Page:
Manchester Rents to Rise Sharply in Coming Months

Competition for rental properties is at an all-time high in Manchester. Experts are warning that rental prices could rise in the coming months as demand continues to soar with no signs of increased supply.

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Manchester rents have been on a steep upward slope in recent years—but how long can this rapid price growth continue?

The findings from the Royal Institution of Chartered Surveyors (RICS) are unambiguous: rental demand is showing “no signs of slowing down,” and supply is struggling to keep pace. Furthermore, 63% of property experts anticipate a surge in rents over the next quarter. Such predictions surpass records held since 1999.

Manchester Rents Already on the Rise

According to Manchester Council’s most recent economic analysis back in May, the median monthly cost for a two-bedroom flat stood at £1,279. The imbalance between demand and supply, exacerbated by the ongoing cost of living crisis, has led to a 3.3 per cent surge in city centre rental prices in the first quarter of 2023.

Meanwhile, rental costs in the outskirts of the city have likewise risen, says the council, marking a 4 per cent increase compared to the previous quarter. Nonetheless, renting a two-bedroom property outside the centre is relatively more affordable, with an average monthly cost of £987.

In addition, Zoopla reports that the city’s year-on-year rental growth as of June 2023 has reached 13%, the highest figure in England outside London. It is also approximately 3% higher than the North West as a whole, which has been one of the UK’s strongest regions for rental growth for many years.

Lack of Properties Drives Rental Demand

The continued drop in new buyer enquiries, as reported by RICS, is a testament to the economic headwinds prospective purchasers are up against—rising interest rates, a volatile economic atmosphere, and stringent credit conditions.

Property professionals report dismal figures—45 per cent indicate falling new buyer enquiries and 44 per cent note a decline in agreed sales, a nadir not seen since the beginning of the pandemic.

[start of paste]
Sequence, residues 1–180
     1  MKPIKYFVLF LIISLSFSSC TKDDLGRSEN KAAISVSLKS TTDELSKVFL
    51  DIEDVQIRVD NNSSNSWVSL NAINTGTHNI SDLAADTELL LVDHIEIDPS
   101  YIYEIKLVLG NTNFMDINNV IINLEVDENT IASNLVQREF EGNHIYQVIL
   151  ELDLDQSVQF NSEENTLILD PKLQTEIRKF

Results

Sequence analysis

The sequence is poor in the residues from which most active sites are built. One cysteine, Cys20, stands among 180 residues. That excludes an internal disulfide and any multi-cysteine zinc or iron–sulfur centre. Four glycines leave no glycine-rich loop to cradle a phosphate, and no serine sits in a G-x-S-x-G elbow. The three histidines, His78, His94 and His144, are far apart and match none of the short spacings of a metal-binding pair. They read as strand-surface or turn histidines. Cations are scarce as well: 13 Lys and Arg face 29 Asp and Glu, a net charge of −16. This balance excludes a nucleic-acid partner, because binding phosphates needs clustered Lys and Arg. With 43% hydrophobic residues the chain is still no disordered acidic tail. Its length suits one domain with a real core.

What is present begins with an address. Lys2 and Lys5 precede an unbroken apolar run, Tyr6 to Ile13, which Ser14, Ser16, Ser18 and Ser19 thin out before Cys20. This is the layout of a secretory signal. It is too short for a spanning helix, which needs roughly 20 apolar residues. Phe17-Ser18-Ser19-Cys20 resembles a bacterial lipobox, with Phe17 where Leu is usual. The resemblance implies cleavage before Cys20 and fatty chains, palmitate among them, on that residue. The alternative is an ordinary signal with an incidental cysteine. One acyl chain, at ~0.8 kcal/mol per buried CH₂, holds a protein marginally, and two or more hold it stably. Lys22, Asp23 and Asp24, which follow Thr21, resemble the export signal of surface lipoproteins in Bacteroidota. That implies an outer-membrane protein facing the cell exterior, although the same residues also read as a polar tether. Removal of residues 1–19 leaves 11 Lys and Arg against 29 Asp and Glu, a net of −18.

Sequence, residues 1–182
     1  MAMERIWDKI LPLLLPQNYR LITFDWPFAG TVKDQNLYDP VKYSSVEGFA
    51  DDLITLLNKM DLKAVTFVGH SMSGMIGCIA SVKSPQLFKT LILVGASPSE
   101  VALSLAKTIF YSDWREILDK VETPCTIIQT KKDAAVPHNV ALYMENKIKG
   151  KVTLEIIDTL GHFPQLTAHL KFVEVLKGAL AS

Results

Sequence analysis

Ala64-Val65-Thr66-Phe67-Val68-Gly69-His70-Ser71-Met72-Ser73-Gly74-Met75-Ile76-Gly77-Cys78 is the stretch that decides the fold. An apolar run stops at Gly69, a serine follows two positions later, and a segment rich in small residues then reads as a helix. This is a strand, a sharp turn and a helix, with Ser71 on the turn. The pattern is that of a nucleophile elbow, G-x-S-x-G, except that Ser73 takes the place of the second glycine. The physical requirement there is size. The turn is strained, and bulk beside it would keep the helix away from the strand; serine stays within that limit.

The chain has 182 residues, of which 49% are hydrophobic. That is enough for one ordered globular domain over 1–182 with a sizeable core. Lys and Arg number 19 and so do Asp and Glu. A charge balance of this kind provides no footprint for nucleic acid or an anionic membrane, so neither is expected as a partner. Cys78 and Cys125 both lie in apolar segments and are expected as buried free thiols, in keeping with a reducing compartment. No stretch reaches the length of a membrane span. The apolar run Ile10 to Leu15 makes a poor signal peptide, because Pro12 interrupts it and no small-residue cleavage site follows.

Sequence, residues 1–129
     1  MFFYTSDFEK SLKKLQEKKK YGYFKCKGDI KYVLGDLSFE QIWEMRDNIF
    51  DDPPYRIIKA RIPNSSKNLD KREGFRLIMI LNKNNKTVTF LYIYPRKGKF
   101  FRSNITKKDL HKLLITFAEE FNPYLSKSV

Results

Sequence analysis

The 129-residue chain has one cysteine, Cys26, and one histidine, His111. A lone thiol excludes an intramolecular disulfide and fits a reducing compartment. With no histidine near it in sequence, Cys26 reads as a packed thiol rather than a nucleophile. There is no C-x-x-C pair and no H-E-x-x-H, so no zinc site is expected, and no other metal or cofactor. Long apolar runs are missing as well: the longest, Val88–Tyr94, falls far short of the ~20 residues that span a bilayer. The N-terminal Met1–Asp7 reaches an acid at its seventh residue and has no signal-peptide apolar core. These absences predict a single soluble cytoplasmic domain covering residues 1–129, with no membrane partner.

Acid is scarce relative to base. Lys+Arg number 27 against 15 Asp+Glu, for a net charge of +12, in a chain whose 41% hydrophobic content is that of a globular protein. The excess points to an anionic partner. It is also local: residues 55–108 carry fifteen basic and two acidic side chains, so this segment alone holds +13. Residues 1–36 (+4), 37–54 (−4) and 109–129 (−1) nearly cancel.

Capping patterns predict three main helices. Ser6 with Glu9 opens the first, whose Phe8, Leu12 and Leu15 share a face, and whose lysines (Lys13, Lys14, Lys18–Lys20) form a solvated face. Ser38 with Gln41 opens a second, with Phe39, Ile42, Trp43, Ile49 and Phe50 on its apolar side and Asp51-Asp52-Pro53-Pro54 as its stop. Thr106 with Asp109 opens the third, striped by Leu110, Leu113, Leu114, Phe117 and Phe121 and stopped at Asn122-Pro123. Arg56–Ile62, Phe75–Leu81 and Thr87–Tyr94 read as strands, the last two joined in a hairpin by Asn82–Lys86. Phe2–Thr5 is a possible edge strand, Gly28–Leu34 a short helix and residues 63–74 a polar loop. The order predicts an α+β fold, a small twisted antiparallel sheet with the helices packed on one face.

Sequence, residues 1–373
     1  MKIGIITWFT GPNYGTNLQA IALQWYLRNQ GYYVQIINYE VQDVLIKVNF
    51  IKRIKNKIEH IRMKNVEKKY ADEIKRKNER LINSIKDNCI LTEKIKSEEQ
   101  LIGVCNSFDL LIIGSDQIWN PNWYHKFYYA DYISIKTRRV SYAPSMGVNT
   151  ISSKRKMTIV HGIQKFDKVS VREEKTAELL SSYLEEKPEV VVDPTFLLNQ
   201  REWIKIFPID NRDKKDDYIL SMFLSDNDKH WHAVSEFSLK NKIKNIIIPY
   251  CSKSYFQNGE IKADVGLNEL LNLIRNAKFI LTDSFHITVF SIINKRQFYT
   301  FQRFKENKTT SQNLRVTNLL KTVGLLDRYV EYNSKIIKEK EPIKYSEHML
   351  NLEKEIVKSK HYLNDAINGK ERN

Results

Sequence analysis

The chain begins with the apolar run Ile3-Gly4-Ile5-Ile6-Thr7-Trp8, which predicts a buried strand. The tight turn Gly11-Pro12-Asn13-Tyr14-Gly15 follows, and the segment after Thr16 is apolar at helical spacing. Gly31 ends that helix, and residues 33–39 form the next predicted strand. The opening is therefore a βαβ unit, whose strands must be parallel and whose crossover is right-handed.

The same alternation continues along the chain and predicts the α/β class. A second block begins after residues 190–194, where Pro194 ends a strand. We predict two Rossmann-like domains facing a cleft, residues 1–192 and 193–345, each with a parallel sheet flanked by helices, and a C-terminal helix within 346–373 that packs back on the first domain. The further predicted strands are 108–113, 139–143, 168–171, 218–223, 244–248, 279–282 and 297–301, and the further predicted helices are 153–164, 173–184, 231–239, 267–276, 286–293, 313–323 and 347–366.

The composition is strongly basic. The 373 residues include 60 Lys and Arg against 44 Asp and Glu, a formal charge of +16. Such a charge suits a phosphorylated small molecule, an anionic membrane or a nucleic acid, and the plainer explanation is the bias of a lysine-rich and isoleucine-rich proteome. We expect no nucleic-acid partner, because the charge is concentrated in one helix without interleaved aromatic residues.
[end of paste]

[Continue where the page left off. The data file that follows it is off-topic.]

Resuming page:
This, in turn, is impacting the number of available lettings properties. Dan Wilson Craw, Deputy Chief Executive of Generation Rent, articulates the gravity of the situation:

In many cases, tenants are being priced out of their homes and forced into the lettings market to compete for a new place to live. At the same time, a lot of people who want to move can’t because rents on new tenancies have risen so rapidly. That has a knock-on effect on the number of homes coming onto the market.

In addition to this, those looking to take their first steps onto the property ladder are increasingly staying put as rents rise and mortgage rates remain high.

Mortgage Rates in the Near Future

In a surprising move, major mortgage lenders, including HSBC UK, have recently reduced rates despite a backdrop of economic volatility. This comes amidst indications that high inflation rates are beginning to ease. The Bank of England utilises changes in the base rate, which directly influences borrowing costs as a measure to control inflation.

Manchester: A City of Strong Demand

While in the short term, rental costs are set to rise, it may be the case that the rapid growth of Manchester rents may slow. However, the city is still one of the most appealing markets for investors thanks to its combination of reasonably priced properties alongside strong rental demand.

Overall, the rate cuts by lenders could signify cautious optimism and may provide a much-needed respite for borrowers in an otherwise challenging economic environment.

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